Poland told to ‘annul’ abhorrent ‘LGBT-free’ zones by Council of Europe

EU Poland

The Council of Europe, the continent’s leading human rights organisation, has called on Poland to annul its abhorrent so-called LGBT-free zones.

The council’s Congress of Local and Regional Authorities gathered on Wednesday (16 June) to adopt a resolution condemning the “rising anti-LGBTI hate speech and discrimination” sweeping across Poland.

It included a recommendation that central governments develop national action plans reinforcing anti-discriminatory and human rights measures, with a particular focus on LGBT+ people.

“Across Europe, the rights and recognition of LGBTI people are under pressure,” said rapporteur Andrew Boff.

“Rising hate speech is creating divisions between the citizens of our towns and regions. Against this, local and regional authorities must strengthen the social rights and well-being of their LGBTI citizens and promote dialogue. We have a duty to all our fellow citizens to create inclusive societies.”

Since 2019, more than 90 Polish towns and regions had passed resolutions declaring themselves free from so-called “LGBT-ideology”.

These “LGBT-free zones” now cover more than a third of the country, their homophobic rhetoric reinforced by the governing Law and Justice party, which has repeatedly positioned LGBT+ people as a corrosive threat to so-called traditional values.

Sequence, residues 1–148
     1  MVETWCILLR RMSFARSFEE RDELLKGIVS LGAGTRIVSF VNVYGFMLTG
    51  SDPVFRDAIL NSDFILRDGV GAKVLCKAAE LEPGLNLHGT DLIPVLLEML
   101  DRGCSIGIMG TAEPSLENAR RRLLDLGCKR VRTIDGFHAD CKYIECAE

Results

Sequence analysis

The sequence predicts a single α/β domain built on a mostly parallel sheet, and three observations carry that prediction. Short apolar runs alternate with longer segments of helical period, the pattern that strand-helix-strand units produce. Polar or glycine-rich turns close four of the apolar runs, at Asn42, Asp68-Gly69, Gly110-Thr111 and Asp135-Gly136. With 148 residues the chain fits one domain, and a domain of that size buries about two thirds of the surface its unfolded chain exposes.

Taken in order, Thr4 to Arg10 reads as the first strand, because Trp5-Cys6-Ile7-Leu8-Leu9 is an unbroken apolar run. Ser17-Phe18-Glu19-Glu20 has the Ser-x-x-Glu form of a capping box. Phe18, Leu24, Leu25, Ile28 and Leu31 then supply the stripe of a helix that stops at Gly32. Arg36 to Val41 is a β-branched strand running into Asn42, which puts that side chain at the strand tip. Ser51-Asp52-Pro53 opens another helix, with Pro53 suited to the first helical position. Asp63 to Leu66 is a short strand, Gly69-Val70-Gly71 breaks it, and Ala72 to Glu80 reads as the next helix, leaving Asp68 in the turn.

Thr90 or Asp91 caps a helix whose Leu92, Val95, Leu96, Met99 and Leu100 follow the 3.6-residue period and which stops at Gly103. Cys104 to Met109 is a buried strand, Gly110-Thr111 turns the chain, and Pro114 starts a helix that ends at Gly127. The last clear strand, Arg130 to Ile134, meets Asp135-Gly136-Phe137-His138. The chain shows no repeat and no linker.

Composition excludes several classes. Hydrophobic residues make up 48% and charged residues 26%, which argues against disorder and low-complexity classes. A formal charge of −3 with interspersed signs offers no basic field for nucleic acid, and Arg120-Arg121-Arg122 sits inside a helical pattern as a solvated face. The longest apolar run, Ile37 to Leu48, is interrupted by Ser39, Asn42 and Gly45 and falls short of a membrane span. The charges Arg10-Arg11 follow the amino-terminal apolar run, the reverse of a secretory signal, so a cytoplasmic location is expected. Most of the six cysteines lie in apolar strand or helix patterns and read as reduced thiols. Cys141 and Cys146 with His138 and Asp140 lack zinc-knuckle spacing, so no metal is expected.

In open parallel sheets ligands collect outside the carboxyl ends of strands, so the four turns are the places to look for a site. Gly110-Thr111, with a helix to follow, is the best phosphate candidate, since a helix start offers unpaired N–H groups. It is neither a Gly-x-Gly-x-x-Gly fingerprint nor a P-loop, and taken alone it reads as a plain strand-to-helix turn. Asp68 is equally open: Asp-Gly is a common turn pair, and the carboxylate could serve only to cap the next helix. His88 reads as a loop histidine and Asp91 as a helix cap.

The council acknowledged the discourse that attempts to “delegitimise” LGBT+ identities through the use of derogatory terms such as “propaganda of homosexuality”, “gender ideology” or “LGBT ideology”.

“Rising conservative and fundamentalist voices in Europe are increasingly politicising the issue of LGBTI identity and designating LGBTI people as scapegoats, questioning diversity in general, and LGBTI people’s human rights and the legitimacy of their identity, in particular,” they said.

They reiterated that “neither cultural, traditional nor religious values, nor the rules of a ‘dominant culture’ can be invoked to justify hate speech or any other form of discrimination,” including on the grounds of sexuality or gender identity.

It’s far from the first time the EU has moved to condemn Poland’s growing anti-LGBT+ sentiment. In December 2019 the European Parliament passed a resolution against public discrimination and hate speech, and encouraged funding to be withdrawn from nations that infringe this.

The EU has since made good on this threat and scrapped huge grants from certain regions, which prompted some LGBT-free zones to withdraw their homophobic pledges.

The Council of Europe cannot make binding laws, but it does have the power to enforce certain international agreements between European states. Their latest condemnation serves as an uncomfortable reminder of the widening gulf between president Andrezj Duda and his European counterparts.